RMST Applet
Prim's Algorithm for Rectilinear Minimum Spanning
Tree
This applet illustrates the construction of a Rectilinear
Minimum
Spanning Tree (RSMT) using Prim's Algorithm. A RMST connects
all terminals together in a way that minimizes the overall distance of
the
connections in this tree. Prim's Algorithm operates incrementally on
a partial tree starting with a single terminal  on each iteration, it
adds an edge between the partial tree and the terminal that is closest
to any terminal in the partial tree.
To Use the Applet
This applet creates a small number of terminals at random locations.
Use the "VCR" controls to start, pause, singlestep or stop the
animation.
There are several ways to edit the terminals shown in the
animation:
 Add a terminal by clicking at a location where no terminal
exists.
 Move a terminal by clicking and dragging to
the desired location.
 Delete a terminal by pressing the CONTROL key and clicking
over an
existing terminal.
Note that editing terminals will stop a running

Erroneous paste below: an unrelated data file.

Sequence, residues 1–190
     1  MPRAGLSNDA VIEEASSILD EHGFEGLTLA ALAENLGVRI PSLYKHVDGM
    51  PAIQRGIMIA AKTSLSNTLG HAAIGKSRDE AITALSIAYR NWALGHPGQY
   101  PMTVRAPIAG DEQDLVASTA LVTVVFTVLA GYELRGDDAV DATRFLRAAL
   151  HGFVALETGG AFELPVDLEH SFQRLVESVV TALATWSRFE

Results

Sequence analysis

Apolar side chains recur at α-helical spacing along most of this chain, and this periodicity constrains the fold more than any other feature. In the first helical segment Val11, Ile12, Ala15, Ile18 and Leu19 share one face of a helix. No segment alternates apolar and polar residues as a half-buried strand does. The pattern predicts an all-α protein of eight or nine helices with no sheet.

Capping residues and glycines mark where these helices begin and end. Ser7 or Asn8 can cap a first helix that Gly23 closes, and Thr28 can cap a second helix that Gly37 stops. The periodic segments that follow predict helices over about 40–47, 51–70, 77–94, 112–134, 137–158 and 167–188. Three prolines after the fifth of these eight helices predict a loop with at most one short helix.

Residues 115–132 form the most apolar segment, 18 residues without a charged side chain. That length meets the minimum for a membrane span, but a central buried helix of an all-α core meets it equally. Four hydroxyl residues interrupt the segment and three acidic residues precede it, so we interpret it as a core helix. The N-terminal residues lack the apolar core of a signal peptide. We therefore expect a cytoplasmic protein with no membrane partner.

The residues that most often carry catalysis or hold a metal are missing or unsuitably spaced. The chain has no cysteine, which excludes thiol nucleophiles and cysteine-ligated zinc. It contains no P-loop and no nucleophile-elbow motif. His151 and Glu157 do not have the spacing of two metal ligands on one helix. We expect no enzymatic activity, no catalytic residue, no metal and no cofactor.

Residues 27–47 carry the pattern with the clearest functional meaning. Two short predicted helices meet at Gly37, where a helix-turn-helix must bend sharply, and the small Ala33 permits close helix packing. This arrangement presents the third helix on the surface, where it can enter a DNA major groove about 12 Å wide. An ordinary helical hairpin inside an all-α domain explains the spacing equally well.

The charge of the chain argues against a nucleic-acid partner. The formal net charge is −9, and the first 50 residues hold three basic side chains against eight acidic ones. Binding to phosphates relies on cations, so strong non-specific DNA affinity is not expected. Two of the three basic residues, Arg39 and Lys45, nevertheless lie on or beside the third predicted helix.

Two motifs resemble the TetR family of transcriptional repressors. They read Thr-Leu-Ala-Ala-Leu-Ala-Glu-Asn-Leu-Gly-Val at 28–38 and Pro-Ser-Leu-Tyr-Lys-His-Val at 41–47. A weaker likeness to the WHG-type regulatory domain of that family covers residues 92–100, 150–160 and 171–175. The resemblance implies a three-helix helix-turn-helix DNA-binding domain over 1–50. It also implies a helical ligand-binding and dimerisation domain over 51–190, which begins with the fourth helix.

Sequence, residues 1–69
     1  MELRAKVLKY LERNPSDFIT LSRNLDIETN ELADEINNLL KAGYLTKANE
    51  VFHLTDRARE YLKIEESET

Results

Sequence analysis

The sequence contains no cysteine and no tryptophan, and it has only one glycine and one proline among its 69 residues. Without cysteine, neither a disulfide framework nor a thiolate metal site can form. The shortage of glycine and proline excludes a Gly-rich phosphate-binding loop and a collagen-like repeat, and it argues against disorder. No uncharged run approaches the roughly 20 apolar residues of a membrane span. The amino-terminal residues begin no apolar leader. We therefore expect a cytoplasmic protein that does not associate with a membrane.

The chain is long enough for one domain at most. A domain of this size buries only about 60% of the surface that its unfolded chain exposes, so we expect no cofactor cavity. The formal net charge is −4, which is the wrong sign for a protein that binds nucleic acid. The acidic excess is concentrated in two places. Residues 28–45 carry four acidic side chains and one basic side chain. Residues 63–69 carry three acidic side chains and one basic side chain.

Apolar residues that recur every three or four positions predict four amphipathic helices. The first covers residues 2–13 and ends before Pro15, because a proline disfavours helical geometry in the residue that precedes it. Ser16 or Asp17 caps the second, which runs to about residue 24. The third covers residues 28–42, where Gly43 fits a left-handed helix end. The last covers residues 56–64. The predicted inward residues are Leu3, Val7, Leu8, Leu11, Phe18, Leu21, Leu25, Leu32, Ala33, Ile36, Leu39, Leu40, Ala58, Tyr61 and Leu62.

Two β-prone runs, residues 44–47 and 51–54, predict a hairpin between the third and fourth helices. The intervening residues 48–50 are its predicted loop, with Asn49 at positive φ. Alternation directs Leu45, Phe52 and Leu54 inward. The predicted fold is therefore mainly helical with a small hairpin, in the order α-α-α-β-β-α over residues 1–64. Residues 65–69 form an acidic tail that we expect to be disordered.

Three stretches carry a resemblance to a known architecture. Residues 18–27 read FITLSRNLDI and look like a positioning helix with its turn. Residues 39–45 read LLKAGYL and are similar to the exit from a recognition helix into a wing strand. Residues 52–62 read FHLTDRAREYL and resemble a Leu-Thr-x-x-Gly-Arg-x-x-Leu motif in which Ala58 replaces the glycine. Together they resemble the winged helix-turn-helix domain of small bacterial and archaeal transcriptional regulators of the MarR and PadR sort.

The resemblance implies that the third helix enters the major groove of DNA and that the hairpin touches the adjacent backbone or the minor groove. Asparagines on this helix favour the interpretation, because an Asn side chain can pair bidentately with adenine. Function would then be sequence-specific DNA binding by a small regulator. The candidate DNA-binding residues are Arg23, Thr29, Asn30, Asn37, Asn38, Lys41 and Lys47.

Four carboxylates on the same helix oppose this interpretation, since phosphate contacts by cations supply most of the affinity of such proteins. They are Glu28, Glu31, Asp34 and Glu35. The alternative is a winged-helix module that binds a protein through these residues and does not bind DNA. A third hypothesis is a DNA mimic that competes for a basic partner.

animation since the previously executed steps may no longer be valid.
Clicking the "AUTO" button places the applet in automatic mode, where
the complete RMST is recalculated whenever the terminals are edited or
moved.
About Rectilinear
Mininimum Spanning Trees
Given a set of terminal points in a plane, a rectilinear
minimum spanning tree is a set of edges which connects all the
terminals with minimum rectilinear distance. Rectilinear distance
(also called "Manhattan Distance") is the sum of the horizontal and
vertical distance between two points. It is used instead of
Euclidean distance in VLSI CAD
applications because VLSI processes support only horizontal and
vertical wires.
The RMST can be used as an estimate of the length of
a net that connects together multiple terminals.
The RMST Problem is a special case of the Minimum Spanning Tree
problem studied in Computer Science Algorithms textbooks in that the
distances between the points imply a complete graph.
References
A. Kahng and I. Mandoiu, "GSRC Bookshelf RMSTPack: Rectilinear Minimum
Spanning Tree
Algorithms", June 2001. http://vlsicad.ucsd.edu/GSRC/bookshelf/Slots/RSMT/RMST/.
M. Sarrafzadeh and C. K. Wong, An Introduction to VLSI Design,
McGrawHill, 1996.
Acknowledgement
This RMST code in this applet is derived from Joseph Ganley's
"Interconnection Tree Applet",
which can be found at http://ganley.org/software/tree.html